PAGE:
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Estimating System Volume

Zman
Zman Member Posts: 7,542
I have a client that has a large commercial hydronic system and we are trying to estimate the volume of the system for an upcoming glycol replacement. I do not have complete plans for the building so a piping takeoff would be challenging. I have heard of folks injecting a tracer chemical or marker into the system and then sending a sample of the boiler water to a lab after the chemical has been thoroughly mixed through the piping.

Does anyone have any experience with this process or does anyone have other suggestions? My WAG is that the system is >3,000 gallons.
"If you can't explain it simply, you don't understand it well enough"
Albert Einstein

Comments

  • Tinman
    Tinman Member Posts: 2,808
    If you’re doing a complete replacement, could you put a water meter on the drain?
    Steve Minnich
    GGrossZman
  • STEVEusaPA
    STEVEusaPA Member Posts: 6,506

    If you’re doing a complete replacement, could you put a water meter on the drain?

    I thought of that. But at >3000 gallons, he's going to have to dump (and somehow meter 1200 gallons to replace with glycol at @40%, or dump the entire amount.

    Or using a cart mix in the glycol percentage. Maybe 1000 gallons at a time for the first 2, then 500, then 250, etc.
    steve
    Zman
  • GGross
    GGross Member Posts: 948
    I am curious to find out how you solve this one, make sure you leave your notes for the next guy on that job!
  • Jamie Hall
    Jamie Hall Member Posts: 22,912
    The tracer dilution method does work, @Zman , but it isn't any too accurate unless you use fairly large concentrations of tracer. It's actually a rather straightforward dilution measurement -- one injects X gallons of a tracer of known concentration Y, and then measure the concentration after mixing, say Z. Simple in principal. X times Y must equal Q, the unknown volume, times Z. Piece of cake.

    But... First, the tracer must be chosen to be completely non reactive and stable, and not be adsorbed by any crud or what have you in the system. Not too many of those compounds around. Second, one must be able to measure the various quantities to pretty high accuracy -- which in the case of Z, the final concentration, may not be all that simple. Or cheap. (The usual rule applies here. Since everything is multiplied or divided, the final result will be only as precise, in terms of plus or minus N percent) as the least precise measurement).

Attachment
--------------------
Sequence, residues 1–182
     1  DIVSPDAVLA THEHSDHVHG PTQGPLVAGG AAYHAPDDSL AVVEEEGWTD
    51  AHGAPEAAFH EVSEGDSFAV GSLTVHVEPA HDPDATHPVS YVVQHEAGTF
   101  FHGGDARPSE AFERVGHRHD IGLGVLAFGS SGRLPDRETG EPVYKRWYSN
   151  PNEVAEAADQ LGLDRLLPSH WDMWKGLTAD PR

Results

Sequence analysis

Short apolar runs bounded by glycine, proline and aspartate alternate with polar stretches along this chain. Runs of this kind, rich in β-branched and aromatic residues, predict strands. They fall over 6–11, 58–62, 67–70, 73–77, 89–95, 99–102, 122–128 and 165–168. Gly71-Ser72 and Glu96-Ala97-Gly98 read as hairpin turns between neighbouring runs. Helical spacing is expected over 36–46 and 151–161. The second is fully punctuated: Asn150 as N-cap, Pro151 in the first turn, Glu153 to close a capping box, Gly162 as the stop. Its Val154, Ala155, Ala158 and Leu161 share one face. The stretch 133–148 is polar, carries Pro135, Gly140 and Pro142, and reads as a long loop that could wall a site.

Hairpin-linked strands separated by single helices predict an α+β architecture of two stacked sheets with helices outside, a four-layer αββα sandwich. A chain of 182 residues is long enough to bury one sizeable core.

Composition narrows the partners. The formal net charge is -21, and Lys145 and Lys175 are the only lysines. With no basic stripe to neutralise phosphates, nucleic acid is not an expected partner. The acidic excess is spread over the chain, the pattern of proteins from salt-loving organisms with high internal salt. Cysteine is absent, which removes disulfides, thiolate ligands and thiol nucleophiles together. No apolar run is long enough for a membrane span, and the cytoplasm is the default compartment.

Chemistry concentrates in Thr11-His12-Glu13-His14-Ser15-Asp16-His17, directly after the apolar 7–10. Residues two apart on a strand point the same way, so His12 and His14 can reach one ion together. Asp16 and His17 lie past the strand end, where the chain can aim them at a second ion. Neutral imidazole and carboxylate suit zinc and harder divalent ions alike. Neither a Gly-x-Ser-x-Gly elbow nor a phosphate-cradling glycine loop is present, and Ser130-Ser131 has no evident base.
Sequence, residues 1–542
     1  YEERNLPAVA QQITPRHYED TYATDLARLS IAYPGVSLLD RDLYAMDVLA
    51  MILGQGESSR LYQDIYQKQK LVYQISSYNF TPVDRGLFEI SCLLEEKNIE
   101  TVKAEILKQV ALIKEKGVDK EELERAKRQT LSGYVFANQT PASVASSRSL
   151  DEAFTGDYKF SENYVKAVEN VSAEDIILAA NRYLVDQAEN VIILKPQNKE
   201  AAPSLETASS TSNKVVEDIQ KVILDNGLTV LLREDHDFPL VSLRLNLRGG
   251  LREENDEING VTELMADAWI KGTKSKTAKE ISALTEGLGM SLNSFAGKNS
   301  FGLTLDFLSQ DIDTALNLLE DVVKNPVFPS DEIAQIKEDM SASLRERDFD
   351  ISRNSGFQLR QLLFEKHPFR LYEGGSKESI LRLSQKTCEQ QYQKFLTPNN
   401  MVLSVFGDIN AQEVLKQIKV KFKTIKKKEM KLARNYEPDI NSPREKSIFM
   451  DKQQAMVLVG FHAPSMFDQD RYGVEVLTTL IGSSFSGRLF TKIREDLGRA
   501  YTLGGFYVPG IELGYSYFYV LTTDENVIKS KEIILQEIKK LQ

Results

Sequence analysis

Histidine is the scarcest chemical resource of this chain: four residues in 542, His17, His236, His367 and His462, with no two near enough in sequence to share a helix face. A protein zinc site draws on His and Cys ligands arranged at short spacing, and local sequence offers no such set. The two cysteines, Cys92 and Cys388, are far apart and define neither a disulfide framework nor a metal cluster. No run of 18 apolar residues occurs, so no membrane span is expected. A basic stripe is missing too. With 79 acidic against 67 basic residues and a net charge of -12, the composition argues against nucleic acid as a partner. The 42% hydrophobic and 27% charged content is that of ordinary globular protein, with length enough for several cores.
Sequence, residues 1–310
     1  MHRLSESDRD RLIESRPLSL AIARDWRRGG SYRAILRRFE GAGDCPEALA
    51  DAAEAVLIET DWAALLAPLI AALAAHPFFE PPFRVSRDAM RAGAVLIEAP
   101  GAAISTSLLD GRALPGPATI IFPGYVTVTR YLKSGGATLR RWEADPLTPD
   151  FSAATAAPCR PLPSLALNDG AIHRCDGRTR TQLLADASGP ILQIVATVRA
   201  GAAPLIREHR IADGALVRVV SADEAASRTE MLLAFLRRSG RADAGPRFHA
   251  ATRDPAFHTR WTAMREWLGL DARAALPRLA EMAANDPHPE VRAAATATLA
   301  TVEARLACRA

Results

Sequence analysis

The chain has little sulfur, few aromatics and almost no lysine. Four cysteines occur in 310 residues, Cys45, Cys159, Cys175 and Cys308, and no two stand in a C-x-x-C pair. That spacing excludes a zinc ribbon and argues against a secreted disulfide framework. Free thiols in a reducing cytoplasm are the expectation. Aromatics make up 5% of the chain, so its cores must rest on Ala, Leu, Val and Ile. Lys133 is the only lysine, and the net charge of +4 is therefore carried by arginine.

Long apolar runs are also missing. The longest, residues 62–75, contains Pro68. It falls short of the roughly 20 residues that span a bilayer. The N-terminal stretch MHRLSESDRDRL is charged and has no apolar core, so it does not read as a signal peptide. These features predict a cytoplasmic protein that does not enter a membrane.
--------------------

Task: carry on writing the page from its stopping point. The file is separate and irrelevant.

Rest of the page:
All that said, I have used fluorescein dye to estimate flow volumes in storm sewers that way, with a fair measure of success -- but I was only looking for plus or minus 10 percent or so.
    Br. Jamie, osb
    Building superintendent/caretaker, 7200 sq. ft. historic house museum with dependencies in New England
    Zman
  • hot_rod
    hot_rod Member Posts: 21,846
    Rhomar had a method for doing this, I don't see it on their site anymore?
    Bob "hot rod" Rohr
    trainer for Caleffi NA
    Living the hydronic dream
    Zman
  • HomerJSmith
    HomerJSmith Member Posts: 2,392
    edited July 2022
    Zman, how about this, I'm not sure it will work, just a thought.

    Have a sonic flow meter on the return of the boiler. Start with a hot boiler and a cold piping sys and measure the temperature change at the sonic flow meter and run the boiler and when the temperature change starts going up, read the flow in gallons.

    A pipe dream???

    Of course, if it is a complete replacement with de-ionized water with a sys cleaning purge, drain it into 5 gal buckets and count the buckets. And...most important, be sure and have a lot of people there so you have enough fingers to count the buckets. lol
    ZmanEdTheHeaterManLukengruven
  • EBEBRATT-Ed
    EBEBRATT-Ed Member Posts: 15,312
    Yes putting the trace in works. Call a water treatment guy. We did this several times and it worked out ok.
    Zman
  • Zman
    Zman Member Posts: 7,542
    Thanks for all the suggestions.
    The water quality is pretty good and a system drain down would be a major PITA (refilling and purging 100+ units would be the hard part). I did a piping takeoff on just the boiler room and came up with 1,150 gallons. I am thinking the system may be bigger than I originally thought.
    It seems that a tracer is the only viable option.